Some people raise questions about the current medical selection process, but offer no solutions. As in most countries, the demand for medical places in Australia will always far exceed the number available. Therefore, any selection system used will have winners and losers, and will be controversial.
Just because some doctors feel current entry procedures used may not have admitted them to medical school, it does not necessarily follow that the selection system is flawed. There are several reasons for this, one of them being that the advantages of medicine as a career compared to other professions has increased over the years. It is thus becoming more competitive to ‘get in’. Further, other professionals make similar claims, for example, getting into a law school at a good university is harder now.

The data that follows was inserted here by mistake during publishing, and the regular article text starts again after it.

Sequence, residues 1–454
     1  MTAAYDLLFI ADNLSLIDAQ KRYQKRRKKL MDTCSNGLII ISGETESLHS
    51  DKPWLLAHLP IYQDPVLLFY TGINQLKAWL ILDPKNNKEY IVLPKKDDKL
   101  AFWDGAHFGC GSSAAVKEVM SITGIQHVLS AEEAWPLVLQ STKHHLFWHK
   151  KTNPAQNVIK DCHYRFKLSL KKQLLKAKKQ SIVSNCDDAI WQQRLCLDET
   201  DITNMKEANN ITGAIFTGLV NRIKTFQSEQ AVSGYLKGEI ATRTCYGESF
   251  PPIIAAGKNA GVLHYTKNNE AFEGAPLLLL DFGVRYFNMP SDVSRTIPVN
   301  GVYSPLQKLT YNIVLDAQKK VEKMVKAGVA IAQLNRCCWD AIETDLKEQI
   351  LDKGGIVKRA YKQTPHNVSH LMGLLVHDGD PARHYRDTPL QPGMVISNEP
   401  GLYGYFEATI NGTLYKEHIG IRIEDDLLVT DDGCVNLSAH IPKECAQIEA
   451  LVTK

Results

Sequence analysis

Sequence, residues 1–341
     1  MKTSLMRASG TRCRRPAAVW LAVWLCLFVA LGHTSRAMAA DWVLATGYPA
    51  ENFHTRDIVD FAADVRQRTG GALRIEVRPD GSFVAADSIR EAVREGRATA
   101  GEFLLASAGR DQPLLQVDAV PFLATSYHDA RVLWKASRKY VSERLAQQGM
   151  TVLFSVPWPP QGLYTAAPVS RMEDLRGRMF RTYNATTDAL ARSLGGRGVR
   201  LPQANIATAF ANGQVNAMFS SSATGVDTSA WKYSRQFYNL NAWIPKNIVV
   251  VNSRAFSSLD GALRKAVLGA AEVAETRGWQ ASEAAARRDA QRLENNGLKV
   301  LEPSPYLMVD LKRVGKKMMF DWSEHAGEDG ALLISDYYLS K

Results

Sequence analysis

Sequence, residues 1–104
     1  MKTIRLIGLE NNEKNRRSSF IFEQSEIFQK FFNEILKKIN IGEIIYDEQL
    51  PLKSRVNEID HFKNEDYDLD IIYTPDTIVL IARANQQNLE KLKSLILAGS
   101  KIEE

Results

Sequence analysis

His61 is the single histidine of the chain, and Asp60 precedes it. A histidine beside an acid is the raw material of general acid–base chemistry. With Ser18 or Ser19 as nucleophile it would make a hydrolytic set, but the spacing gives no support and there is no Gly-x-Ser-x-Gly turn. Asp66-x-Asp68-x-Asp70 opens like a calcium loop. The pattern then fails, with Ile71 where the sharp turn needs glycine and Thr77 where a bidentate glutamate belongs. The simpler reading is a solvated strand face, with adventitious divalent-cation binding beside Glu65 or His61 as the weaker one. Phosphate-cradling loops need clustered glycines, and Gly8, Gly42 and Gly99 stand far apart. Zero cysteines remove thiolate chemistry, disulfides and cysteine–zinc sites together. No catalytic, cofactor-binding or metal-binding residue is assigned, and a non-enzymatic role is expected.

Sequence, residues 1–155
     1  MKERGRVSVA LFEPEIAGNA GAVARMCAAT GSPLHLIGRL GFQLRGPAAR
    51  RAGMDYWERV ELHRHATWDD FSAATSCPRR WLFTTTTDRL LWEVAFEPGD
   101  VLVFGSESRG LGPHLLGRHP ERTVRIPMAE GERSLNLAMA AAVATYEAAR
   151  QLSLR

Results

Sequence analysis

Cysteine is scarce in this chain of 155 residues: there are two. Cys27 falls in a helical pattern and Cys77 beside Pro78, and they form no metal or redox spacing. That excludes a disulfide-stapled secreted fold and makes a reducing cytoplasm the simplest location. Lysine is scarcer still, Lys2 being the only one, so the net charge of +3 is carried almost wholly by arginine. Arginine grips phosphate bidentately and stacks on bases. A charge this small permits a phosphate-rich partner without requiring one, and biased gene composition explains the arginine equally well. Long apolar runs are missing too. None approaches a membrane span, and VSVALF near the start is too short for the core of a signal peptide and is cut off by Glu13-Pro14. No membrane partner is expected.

Australian Council for Educational Research (ACER) is to be commended for developing UMAT, which is an objective test of generic skills to complement the knowledge examined in year 12/university. This, combined with interview performance, is the best system that educational research currently offers and similar processes are used around the world for the selection of medical students.
While testing knowledge may appeal to some, it is an intrinsically flawed means of selection since it is simply a test of effort, and knowledge is freely available these days. It is far better to test students’ generic skills, i.e. the ability to use the knowledge, as the UMAT does.